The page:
C. H. Cowley - Peel to Port Erin

[This is taken from a manuscript diary by permission of his granddaughter - C. H. Cowley was born in 1874 - his hand is quite difficult to read in places]

19th August 1934

The day having cleared up after a night of rain I decided to walk to Port Erin. Ernest gave me a run in his car to Glen Maye which place we arrived at 10 30am.

Still mist on the mountains.

Going up Baare ny Pashyder, or as it is now known as "the Sound", the road was muddy but drying up quickly. Blaeberries were still on the bushes, flowers & ferns in profusion.

Stopped at Thieyn Cashen to view the land. The houses are all in ruins and soon there will be no sign of their having existed, and then people will forget where the Cashin family once lived.

It is now 11 am. Across the valley towards the sea is a circle of white quartz stones in a field. Looking backwards a delightful view of Peel and district is obtained. I met Mr Irving at Dawlish Cashin (Cashen's Gap) at 11.20 and he preached his sermon on the awful punishment deserved by the rascals who burnt down his gorse hedges. I agreed with him.

Strange to say he mentioned nothing about the famous "Spook", and so much has been told about it in the newspapers that it will not be necessary to relate about it here. Suffice it to say that in my opinion from first to last the thing is pure humbug. I might however record how Irving came to live at this desolate place.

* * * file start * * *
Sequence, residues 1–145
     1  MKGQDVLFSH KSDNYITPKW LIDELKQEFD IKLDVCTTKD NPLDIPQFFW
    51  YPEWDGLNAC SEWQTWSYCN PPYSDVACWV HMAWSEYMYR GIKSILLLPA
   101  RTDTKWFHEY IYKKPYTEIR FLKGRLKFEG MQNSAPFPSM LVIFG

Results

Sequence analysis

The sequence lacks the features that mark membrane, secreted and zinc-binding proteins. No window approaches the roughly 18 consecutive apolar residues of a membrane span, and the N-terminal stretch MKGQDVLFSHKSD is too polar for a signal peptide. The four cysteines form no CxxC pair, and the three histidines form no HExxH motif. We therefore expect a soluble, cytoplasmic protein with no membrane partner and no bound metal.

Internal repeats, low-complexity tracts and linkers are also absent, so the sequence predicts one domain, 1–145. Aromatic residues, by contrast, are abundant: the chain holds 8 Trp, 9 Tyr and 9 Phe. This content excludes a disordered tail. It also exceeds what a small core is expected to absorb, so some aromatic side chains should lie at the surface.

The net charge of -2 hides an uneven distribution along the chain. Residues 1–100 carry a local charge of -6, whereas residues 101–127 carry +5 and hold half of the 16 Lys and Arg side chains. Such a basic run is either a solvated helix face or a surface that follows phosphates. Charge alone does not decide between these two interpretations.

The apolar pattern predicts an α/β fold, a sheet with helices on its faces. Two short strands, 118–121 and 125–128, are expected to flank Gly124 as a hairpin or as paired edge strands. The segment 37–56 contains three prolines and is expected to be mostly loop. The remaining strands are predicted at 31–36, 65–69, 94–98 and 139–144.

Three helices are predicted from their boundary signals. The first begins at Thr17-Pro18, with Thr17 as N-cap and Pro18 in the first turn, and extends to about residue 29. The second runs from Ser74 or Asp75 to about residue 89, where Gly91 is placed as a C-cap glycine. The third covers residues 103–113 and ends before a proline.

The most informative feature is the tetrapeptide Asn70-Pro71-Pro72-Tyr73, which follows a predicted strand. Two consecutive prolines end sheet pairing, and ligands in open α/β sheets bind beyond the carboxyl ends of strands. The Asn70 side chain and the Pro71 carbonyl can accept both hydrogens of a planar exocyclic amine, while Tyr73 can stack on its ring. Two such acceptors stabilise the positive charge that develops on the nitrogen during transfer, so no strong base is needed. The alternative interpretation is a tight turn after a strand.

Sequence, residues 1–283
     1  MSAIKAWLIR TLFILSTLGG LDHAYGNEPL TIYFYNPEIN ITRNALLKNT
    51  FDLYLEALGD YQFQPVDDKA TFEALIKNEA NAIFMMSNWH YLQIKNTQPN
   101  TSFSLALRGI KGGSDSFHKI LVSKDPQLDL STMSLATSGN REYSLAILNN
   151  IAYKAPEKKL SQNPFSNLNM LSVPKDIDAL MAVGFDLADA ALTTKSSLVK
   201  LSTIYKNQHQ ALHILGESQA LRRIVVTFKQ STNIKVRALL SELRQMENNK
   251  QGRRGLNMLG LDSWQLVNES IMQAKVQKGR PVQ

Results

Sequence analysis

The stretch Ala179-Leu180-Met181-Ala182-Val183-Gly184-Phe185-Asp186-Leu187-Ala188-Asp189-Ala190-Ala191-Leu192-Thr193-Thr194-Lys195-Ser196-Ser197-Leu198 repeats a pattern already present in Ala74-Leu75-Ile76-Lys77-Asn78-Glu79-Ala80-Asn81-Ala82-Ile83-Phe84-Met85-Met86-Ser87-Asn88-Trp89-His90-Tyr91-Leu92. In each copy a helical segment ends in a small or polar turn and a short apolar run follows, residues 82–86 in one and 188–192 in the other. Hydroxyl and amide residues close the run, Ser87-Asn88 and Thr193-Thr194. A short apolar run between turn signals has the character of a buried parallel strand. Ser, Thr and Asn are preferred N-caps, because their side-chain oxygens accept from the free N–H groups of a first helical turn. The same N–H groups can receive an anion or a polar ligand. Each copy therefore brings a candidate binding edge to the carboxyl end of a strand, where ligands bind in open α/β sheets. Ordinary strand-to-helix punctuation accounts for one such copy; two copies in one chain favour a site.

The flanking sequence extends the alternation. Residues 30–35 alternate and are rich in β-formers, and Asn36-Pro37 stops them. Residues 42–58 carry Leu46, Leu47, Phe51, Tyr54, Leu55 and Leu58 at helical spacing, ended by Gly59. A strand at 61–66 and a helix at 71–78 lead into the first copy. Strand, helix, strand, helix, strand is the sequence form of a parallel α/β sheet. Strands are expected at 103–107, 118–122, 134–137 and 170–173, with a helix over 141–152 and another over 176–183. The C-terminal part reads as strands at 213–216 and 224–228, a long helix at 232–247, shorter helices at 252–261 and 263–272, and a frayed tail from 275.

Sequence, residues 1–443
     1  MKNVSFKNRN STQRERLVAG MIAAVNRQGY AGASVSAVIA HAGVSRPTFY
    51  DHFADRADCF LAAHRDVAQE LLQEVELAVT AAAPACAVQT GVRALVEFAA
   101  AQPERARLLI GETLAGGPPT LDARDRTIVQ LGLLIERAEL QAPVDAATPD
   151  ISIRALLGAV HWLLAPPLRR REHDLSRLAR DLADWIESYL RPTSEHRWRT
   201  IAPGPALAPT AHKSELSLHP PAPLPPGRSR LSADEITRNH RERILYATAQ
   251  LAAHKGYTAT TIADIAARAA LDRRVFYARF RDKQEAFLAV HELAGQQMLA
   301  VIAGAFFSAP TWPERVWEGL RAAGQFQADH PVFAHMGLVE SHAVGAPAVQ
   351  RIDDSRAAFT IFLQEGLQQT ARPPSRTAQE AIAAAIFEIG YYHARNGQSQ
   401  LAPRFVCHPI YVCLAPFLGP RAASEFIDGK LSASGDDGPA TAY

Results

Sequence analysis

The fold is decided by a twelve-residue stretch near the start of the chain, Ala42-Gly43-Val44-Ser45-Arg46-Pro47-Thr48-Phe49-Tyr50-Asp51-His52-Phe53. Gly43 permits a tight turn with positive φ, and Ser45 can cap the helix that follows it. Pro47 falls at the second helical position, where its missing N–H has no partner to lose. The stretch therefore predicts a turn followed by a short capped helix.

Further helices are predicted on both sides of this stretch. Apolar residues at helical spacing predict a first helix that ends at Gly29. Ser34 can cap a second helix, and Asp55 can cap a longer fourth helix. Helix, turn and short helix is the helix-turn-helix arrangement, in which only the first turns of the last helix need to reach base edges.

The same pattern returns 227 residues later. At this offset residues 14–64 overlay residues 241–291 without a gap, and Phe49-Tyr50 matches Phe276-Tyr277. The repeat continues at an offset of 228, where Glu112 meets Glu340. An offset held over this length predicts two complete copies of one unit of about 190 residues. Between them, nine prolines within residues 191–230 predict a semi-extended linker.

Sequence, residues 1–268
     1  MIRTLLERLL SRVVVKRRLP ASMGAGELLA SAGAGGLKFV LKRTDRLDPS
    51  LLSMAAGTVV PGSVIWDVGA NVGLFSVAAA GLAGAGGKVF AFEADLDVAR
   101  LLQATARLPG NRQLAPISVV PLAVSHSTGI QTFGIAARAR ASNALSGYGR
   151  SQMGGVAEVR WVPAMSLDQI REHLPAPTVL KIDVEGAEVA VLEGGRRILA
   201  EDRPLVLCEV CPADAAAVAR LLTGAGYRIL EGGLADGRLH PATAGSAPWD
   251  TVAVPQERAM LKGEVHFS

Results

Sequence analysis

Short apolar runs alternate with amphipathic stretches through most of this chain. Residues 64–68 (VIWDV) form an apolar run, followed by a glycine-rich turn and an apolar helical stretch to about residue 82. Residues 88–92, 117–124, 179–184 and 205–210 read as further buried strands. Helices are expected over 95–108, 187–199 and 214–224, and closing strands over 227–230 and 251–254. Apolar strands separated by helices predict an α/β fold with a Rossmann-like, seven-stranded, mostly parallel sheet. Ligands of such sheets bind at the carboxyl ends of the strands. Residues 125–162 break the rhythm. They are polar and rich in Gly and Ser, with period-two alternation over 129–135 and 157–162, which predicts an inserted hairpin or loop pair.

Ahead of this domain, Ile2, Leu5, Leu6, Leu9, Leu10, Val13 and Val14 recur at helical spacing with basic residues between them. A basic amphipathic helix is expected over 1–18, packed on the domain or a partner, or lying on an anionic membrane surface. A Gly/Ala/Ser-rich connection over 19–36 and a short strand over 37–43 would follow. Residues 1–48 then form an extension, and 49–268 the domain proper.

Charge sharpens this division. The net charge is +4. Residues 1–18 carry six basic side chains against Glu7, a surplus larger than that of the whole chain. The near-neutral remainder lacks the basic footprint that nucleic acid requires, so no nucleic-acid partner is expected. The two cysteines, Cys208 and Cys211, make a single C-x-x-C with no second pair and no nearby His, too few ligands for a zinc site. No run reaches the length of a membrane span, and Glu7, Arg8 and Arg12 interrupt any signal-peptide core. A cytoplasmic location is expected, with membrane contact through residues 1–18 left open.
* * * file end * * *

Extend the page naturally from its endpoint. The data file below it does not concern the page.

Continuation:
Before the great war he was an agent in Liverpool for a piano firm, probably German, as he had a smattering of one or two continental languages. Business in pianos was dead of course during 1914 so he & his family came to reside in Peveril Road, Peel.

His wife had relations here which probably was the reason of Peel as choice of residence.

Being at a loose end & going out with hunters & shooters occasionally he one day dropped into Glenmay at the Waterfall Hotel where Dawlish Cashen was being offered for sale - and he bought it at, I believe, a reasonable price.

He was no farmer but moved into the place with his family & has been there ever since. Very nice people, and excepting for this "Spook" business normal. At times I have had long conversations with him & Voirey about that affair, very interesting but mad all of it.

Capt R B Quirk, Raby, had a very funny time over it with Irving, but this is getting away from my walk.

Further on I happened upon a large covey of partridges in the heather on Dalby Mountain over which I wandered until 12 o'clock, passing Ballalaa quarry during my wanderings.

Crossing the Dalby-Castletown road near John Corris the Clieau's on to a pliece of ground which had previously yielded me flints I gave an hour to searching for more, only finding however 5 small pieces of no value.

There was a swarm of native wild bees in heather here, nice little fellows they are too a long time since I saw any.

I arrived at Boayl ny Thrutch [Cowley's own name for the spot after his friend Mr Thrutchley] at 1 o'clock and struck through the fields on the right of the road at the top of Eary Cushlin, picking up a small bunch of bell white heather, and several patches of white ling. At 1.40 began to feel hungry so sat on the the turf alongside the path on south, or sea side of Cronk ny Ierey Laa where there is a sheltered spot facing the Calf of Man & Mull Hills - with Fleswick below me in the distance.